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Case History

Image not available. A 54-year-old woman who completed a fractionated course of radiotherapy to her breast seven days ago presents with redness and tenderness/pain in the breast accompanied by general malaise.

What is radiotherapy-related acute skin toxicity?

How should the patient be assessed?

What else should be excluded?

How can you manage the problem?


What is radiotherapy-related acute skin toxicity?

Image not available. The cells in the basal layer of the epidermis constantly divide to form the upper layers of the skin, with a turnover time of about 25 days. Radiation damages the DNA of stem cells in the basal layer, resulting in apoptosis, mitotic cell death and an inflammatory response. The sequential nature of a course of radiotherapy interrupts ongoing repair processes, thus consolidating injury.1,2

Acute skin toxicity secondary to radiotherapy usually occurs at 12–14 days and the severity is dependent upon the following:

  • Patient-related factors:

    • treatment site (head and neck cancer, breast cancer, vulval cancer, anal canal cancer and skin cancer)

    • radiation sensitivity (related to genetic predisposition)

    • comorbidity (pre-existing skin infiltration by cancer, chronic oedema, ulceration or infection)

    • obesity (skin folds are more at risk).

  • Treatment-related factors:

    • radiation dose (high-dose treatments cause more problems)

    • radiotherapy beam energy (kilovoltage photons or electrons)

    • use of bolus (increases dose to skin)

    • immobilization masks

    • concurrent chemotherapy.

Symptoms of skin toxicity include: itching, discomfort or pain, erythema, ulceration, scab formation and functional impairment.

The majority of data on radiotherapy-induced acute skin toxicity comes from patients receiving radiotherapy to the breast region and head and neck region. Acute skin toxicity can also be a serious problem in anal/lower rectal and some gynaecological treatments (dose is concentrated in folds), and is an expected problem in skin cancer treatments. Owing to the likely distribution of radiation beams and subsequent dosage, severe acute skin toxicities are rare in other tumour groups.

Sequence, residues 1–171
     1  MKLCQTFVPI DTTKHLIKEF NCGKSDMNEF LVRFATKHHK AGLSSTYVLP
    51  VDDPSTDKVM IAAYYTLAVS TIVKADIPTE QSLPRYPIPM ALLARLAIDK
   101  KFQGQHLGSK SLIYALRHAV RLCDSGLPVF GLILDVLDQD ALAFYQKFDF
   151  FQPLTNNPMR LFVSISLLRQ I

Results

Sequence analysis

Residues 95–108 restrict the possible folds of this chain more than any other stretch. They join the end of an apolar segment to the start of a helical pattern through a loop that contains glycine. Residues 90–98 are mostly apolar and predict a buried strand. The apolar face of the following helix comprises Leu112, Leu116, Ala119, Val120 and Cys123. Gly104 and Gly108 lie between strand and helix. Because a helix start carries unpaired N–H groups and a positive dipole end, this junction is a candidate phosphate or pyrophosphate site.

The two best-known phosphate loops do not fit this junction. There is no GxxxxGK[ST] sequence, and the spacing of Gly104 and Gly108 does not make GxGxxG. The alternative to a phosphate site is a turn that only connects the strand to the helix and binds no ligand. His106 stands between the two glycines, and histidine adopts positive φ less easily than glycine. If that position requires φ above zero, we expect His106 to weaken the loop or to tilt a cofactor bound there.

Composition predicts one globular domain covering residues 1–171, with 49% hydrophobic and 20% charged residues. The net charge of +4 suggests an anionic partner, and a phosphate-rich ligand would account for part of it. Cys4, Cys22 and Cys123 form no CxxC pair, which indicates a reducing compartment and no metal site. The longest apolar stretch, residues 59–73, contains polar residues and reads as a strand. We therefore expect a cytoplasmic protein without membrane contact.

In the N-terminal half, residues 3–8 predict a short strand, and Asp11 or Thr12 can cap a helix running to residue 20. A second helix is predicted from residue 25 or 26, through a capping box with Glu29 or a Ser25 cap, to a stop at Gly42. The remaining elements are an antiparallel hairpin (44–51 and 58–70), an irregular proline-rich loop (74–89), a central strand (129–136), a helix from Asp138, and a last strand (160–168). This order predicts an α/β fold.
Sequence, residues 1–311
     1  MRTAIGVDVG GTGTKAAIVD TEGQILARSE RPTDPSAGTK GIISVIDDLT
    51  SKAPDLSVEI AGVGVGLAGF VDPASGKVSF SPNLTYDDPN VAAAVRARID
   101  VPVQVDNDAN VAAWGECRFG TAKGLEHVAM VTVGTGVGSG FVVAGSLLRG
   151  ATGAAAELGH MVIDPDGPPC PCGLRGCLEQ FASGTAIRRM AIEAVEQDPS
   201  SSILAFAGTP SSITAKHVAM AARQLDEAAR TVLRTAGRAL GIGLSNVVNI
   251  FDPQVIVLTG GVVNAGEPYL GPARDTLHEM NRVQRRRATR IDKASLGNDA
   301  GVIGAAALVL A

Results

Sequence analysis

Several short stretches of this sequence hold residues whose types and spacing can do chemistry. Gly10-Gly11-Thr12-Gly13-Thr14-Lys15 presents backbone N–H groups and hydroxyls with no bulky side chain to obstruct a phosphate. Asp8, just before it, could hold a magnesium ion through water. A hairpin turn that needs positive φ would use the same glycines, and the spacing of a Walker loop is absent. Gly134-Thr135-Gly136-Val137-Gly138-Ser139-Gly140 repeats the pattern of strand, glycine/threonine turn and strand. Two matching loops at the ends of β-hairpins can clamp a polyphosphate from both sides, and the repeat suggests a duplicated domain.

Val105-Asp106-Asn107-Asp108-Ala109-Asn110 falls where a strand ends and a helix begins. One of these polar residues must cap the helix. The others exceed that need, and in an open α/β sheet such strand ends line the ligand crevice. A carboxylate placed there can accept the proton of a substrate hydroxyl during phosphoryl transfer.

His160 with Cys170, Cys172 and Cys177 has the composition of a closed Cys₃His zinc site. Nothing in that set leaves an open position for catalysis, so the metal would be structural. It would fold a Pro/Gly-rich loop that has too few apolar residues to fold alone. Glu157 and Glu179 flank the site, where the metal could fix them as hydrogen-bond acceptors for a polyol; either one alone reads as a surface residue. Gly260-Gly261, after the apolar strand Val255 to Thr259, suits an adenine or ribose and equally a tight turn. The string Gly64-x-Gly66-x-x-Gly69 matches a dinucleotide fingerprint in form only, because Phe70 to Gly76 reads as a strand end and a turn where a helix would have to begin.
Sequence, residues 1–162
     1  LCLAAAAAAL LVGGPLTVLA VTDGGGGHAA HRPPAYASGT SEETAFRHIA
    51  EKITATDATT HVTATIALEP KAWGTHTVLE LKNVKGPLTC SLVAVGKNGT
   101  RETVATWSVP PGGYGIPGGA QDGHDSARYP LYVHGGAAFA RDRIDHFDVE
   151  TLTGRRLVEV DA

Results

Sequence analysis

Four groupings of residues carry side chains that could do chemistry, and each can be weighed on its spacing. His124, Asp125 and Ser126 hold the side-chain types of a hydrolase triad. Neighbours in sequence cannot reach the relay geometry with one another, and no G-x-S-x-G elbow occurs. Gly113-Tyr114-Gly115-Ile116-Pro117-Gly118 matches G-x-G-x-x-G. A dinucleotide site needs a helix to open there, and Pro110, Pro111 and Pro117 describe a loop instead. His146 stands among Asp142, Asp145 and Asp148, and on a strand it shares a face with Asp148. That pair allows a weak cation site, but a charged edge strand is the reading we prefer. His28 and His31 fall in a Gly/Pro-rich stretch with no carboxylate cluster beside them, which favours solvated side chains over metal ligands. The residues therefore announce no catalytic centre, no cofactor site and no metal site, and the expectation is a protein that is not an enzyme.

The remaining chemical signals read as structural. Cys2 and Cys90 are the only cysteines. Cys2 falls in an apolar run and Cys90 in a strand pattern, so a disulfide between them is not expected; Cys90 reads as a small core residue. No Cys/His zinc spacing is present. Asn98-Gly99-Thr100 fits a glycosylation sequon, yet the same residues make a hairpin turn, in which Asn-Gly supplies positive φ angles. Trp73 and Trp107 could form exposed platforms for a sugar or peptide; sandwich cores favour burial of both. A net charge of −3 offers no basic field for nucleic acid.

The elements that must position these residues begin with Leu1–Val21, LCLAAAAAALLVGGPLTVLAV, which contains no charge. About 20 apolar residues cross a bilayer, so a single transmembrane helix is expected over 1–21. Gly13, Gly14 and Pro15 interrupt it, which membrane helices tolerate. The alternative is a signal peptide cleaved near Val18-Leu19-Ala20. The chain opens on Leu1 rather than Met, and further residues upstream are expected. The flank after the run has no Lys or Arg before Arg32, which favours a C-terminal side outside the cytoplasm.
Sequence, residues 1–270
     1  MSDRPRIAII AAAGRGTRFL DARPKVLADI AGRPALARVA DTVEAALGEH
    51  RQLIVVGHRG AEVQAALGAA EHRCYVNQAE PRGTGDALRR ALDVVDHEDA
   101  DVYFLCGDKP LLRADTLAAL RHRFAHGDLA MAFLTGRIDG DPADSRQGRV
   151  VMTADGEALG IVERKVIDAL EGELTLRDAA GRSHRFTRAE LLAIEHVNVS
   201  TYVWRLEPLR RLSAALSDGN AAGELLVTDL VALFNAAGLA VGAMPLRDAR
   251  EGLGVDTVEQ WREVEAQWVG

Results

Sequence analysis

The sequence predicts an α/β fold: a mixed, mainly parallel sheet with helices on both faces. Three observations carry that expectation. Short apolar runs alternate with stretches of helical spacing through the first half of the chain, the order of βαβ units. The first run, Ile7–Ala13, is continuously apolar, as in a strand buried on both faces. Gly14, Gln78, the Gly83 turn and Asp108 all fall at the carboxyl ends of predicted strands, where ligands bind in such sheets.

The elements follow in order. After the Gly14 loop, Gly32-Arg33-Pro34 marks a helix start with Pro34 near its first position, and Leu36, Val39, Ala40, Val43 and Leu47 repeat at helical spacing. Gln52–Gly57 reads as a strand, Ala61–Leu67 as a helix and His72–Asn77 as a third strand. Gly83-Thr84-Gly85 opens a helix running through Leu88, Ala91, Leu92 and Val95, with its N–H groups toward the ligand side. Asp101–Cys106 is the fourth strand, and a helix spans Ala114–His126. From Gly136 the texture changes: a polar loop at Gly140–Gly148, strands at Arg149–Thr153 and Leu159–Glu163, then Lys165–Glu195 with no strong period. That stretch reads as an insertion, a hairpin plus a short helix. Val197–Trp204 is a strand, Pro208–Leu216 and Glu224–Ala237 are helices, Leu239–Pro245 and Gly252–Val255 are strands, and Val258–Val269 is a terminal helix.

In most patients who have 4–6 weeks of radiotherapy, skin side effects will develop during the course. In shorter courses of therapy the acute toxicity can occur after completion of the course, and this can cause alarm.

How should the patient be assessed?

Skin changes look like sunburn or burns, and they occur only in the treated area, often with a very sharp demarcation from normal skin. A number of grading systems exist to help assess the severity of an acute skin toxicity and give guidance for management. Commonly used in the UK are the Radiation Therapy Oncology Group (RTOG) Acute Radiation Morbidity Scoring Criteria (Table 28.1).3,4 Desquamation refers to the loss of the epithelium exposing the underlying dermal layer.

Table 28.1Radiation Therapy Oncology Group (RTOG) Acute Radiation Morbidity Scoring Criteria

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